There has been much discussion over the past months about the Rural Redesign petition – its aim, ultimate goal and also the methodology used for collecting signatures. In the interest of transparency and clarity, Rural Redesign has supplied us with the following information (directly below) on their process and methodology:
Rural Redesign Petition Methodology:
The age of majority is the age at which a person is considered by law to be an adult.
The age of majority in Ontario 18.
According to StatCan there are 4000 residents in Ward 2 (men, women, children)
Approximately 80% are age 18 or over (3200 people).
Ontario guidelines for petitions state persons do NOT have to be age of majority (18), to sign a petition, and we followed those guidelines.
However, no signatures were collected from residents under the age of 18 by petition volunteers UNLESS the parent or guardian confirmed the person signing fully understood what they were signing. According to petition volunteers, there were very few persons under age 18 who signed the petition.
Statistics identifying persons signing the petition who were under the age of 18 were not recorded.
All signatures were screened for duplicates, and those situations where obviously one family member had signed for everyone in the household.
Duplicate signatures were deleted, and those where one person signed for other residents were deleted.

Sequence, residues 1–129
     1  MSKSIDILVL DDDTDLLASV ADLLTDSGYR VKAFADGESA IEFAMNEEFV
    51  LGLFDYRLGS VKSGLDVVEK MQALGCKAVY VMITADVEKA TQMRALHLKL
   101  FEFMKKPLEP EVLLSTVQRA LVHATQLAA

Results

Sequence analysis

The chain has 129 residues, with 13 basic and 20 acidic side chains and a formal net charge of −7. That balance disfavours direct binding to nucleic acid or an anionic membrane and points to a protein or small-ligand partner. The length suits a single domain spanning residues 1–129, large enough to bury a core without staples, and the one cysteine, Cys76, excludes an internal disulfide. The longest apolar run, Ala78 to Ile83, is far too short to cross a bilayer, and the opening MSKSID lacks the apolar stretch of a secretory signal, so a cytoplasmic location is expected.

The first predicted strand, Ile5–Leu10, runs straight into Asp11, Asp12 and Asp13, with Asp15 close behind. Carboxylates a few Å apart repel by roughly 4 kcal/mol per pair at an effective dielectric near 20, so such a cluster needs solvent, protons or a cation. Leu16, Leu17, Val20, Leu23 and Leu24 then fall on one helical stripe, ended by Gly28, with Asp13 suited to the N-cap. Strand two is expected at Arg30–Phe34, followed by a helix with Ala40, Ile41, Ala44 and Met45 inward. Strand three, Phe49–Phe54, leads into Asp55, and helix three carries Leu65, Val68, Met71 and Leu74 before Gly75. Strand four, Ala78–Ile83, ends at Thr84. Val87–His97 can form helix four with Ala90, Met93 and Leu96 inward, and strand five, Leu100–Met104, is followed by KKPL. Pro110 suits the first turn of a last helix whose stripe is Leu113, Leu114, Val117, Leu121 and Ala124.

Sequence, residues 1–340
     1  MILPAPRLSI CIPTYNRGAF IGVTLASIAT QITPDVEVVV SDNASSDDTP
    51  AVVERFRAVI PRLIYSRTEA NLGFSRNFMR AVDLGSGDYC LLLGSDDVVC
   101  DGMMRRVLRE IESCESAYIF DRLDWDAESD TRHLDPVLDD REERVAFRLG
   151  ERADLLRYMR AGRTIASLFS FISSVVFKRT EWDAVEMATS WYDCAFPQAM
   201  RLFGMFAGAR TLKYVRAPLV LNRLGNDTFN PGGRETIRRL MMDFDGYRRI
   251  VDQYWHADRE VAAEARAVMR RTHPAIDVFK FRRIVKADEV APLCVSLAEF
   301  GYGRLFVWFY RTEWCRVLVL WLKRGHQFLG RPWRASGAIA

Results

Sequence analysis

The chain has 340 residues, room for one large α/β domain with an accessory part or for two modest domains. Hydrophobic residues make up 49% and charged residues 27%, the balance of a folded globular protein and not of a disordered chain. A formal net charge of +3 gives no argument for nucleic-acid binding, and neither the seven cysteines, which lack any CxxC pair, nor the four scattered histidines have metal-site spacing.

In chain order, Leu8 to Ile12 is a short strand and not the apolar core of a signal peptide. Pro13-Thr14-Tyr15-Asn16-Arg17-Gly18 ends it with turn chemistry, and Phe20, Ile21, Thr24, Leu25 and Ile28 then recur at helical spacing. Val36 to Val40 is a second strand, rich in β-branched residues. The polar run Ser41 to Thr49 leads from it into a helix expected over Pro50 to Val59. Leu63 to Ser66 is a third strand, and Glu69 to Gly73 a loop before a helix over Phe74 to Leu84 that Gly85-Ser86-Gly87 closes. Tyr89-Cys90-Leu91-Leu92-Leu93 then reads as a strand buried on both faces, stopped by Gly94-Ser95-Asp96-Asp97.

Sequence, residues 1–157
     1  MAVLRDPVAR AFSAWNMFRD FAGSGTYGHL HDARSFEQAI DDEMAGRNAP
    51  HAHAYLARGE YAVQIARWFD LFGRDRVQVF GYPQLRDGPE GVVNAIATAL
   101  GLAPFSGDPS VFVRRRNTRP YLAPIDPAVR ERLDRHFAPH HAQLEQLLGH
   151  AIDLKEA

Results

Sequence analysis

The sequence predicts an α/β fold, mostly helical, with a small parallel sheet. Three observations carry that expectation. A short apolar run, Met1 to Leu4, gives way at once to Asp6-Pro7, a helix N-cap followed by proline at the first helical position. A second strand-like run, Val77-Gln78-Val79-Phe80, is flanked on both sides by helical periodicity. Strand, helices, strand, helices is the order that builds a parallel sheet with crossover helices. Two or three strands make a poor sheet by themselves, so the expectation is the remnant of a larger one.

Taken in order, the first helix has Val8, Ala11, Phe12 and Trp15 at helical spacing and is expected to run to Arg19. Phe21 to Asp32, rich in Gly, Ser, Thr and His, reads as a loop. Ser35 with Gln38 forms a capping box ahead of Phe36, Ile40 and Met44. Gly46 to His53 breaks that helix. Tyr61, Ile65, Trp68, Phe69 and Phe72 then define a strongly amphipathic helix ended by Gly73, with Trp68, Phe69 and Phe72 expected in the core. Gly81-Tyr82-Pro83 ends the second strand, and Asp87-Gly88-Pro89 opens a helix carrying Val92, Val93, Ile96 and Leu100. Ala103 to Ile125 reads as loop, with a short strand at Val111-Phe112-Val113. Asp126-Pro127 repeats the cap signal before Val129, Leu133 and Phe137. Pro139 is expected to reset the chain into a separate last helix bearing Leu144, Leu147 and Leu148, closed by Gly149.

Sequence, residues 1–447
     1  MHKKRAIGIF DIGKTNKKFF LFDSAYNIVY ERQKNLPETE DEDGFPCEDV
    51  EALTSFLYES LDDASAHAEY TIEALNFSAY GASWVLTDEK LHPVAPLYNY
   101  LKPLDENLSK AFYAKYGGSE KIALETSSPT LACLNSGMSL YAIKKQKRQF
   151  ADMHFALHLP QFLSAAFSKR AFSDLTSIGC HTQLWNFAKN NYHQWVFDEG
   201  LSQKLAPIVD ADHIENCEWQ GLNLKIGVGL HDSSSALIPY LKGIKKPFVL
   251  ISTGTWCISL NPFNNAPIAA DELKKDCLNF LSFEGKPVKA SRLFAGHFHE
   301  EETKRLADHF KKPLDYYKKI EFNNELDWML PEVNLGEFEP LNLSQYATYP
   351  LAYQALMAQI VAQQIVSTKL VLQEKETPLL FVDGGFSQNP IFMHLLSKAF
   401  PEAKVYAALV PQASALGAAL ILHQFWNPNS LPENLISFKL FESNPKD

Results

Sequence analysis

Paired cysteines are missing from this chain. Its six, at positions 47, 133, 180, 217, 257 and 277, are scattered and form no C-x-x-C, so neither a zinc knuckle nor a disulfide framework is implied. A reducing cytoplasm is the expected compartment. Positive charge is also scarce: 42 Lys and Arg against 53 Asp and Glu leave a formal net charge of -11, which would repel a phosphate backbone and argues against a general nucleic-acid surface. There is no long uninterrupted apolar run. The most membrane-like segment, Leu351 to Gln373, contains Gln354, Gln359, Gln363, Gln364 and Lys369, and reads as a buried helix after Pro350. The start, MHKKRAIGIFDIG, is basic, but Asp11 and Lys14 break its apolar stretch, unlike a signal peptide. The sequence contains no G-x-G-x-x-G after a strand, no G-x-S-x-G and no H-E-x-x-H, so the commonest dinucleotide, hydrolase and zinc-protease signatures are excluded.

Where possible, the family was contacted and a petition volunteer attended their residence to gather signatures from each individual family member.
After all of the duplicates, unreadable names, and 3 we had 2603 signatures representing slightly more than 81% of the “adult” population of Ward 2.
Our petition volunteers worked extremely hard going door to door, day after day, in inclement weather to gather signatures for the benefit of all of us.
Each and every volunteer monitored the signing process to be sure we were following the Provincial guidelines.
Many additional hours were spent verifying all signatures were valid and not duplicates.
The petition made two requests:
WE respectfully request all administration and control of the former Hope Township (Ward 2) be severed from the Municipality of Port Hope and aligned with a like-minded rural community in order to best serve our residents and preserve our chosen rural lifestyle;
WE request this issue be added as a referendum item on the 2014 municipal ballot.
In the first WE request the intent seems pretty clear; people who signed the petition want to leave Port Hope.
In the second WE request we’re asking for a referendum on the issue.
Regardless of how strongly 81% of the “adult” population feels, we still have to adhere to the requirements of the Municipal Act, specifically Sections 171-179 (Municipal Restructuring).
Sections 171-179 include public meetings and consultation as part of the process.
Any action on our petition must be initiated by the Municipality. This includes a request for a referendum, which must come from the Municipality before being granted by the Province.
A petition is only the initial step in a long series of waypoints leading to Provincial approval of a restructuring proposal.
Whether by referendum, surveys, public meetings, letters, or whatever, every person in Hope Township will have an opportunity to provide input before any decision is made by MMAH.
It would be extremely myopic for anyone to believe signing a petition asking that Hope Township be removed from Port Hope was the end all be all, as if it was a done deal with no sober second thought that some people like to take advantage of the next morning.
The petition was a very important (and very successful) first step confirming we have support from residents to move forward, but it was only a first step. We have a lot of work to do from that point forward, and that’s exactly what we’re doing every day.